In FIG. 3, the switch or jumper assembly 120 selectively connects one or more of the outputs E2-E9 of the decoder 72 and the NAND gate 121. Each of the inputs to the gate 121 normally is maintained high by connection to a positive voltage source through a suitable resistor, one of which is indicated at R in FIG. 3. If any one of the switches 120 is closed, the corresponding input to the gate 121 will go low when the corresponding output of the decoder 72 goes low, producing a high output at the normally low line 121'. A high signal on the line 121' will enable the NAND gate 127 and, because of the inverter 122, will inhibit the NAND 123. The inhibition of the gate 123 will maintain its output to the NAND gate 124 high so as to enable it. Thus, during any byte period corresponding to an open switch condition at the switch 120, the transmitter 74 of FIG. 3 will be connected through the transmission line to the controller terminal 15. If, on the other hand, the switch connected to the decoder line E4 for example is closed, then the gate 127 will be enabled and the gate 122 will be inhibited during the corresponding byte period and the transmitter of the machine terminal MT9 will then be connected back to the controller terminal 15. Thus, by programming the switch assembly 120, the machines MT8 and MT9 are connected in the time shared fashion to the controller terminal 15 during each cycle. If a third machine such as MTX is desired also to share the common controller terminal transmitter/receiver system, then the machine terminal 9 is provided with a switch assembly 120 and logic gate arrangement cooperating with the machine terminal MTX as shown in FIG. 9. In each case, the last machine terminal of the series (MT9 in FIG. 3) does not require the switching assembly 120 or the logic gate arrangement 122, 123, 124, 126, 127.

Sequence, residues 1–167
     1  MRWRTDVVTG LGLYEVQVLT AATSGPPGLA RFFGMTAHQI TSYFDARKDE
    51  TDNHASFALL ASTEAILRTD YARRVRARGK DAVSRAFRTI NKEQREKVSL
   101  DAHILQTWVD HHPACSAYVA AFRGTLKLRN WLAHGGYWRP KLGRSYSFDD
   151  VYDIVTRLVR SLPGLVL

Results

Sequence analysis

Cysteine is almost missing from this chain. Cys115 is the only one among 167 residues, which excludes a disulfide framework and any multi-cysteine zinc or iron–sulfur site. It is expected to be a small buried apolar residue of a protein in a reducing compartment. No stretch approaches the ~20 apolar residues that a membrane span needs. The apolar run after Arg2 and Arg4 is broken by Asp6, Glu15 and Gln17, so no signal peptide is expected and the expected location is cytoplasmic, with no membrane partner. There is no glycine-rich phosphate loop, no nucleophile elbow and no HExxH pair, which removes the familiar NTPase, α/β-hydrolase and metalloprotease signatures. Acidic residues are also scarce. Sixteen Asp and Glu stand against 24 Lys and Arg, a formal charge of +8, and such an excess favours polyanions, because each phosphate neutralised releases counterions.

To provide a specific example, suppose the machine M9 is to transmit its condition-defining signals during the fourth byte period, the machine MTX is to transmit its condition-defining signals during the fifth byte period and the machine MT8 is to transmit its signals during the remaining byte periods. Then, only the swtiches of E4 and E5 of the transmitter section associated with the machine MT8 will be closed, and only the switch E5 of the transmitter section associated with the machine MT9 will be closed.
The receiver section of each machine terminal MT1-MTX are well as the corresponding receiver sections of the controller terminal 15 contain safety circuits which monitor or check whether the transmission of data is proceeding properly and, if not, to disenable the receiver demultiplexers to block the reception of data.
FIG. 5 illustrates the control associated with each machine terminal receiver demultiplexer matrix whereas FIG. 7 illustrates the control associated with each controller terminal receiver demultiplexer matrix. In FIG. 5, the safety signal is provided at the line 101 and will toggle the flip-flop formed by the cross-coupled NOR gates 157 and 158 to drive the normally high output of the gate low and correspondingly to provide a low input to the NAND gate 119, the other input of which normally is high. In consequence the output at the line 117 goes high and this signal disables all of the switching devices G9A-G18A and G9B-G18B, thereby to disable the demultiplexing matrix. Thus, no command signals appearing at the group of input conductors D9-D16 from the receiver 74A can be applied to any group of output lines D9B-D16B.
Once the high safety signal appears at the line 101, the system must be reset manually in order to toggle the gates 157, 158 to their normal state. The manual switch MS is provided for this purpose. Normally, the inputs to the inverter 162 are high so that the corresponding inputs to the NOR gate 155 is low, its other input also normally being low. Thus, the output from the gate 155 normally is high, independent of the state of the safety signal at the line 101. However, by depressing the reset switch MS, the output of the gate 162 goes high and that of the gate 155 goes low, thereby resetting the flip-flop 157, 158. This allows the matrix of FIG. 5 to operate normally.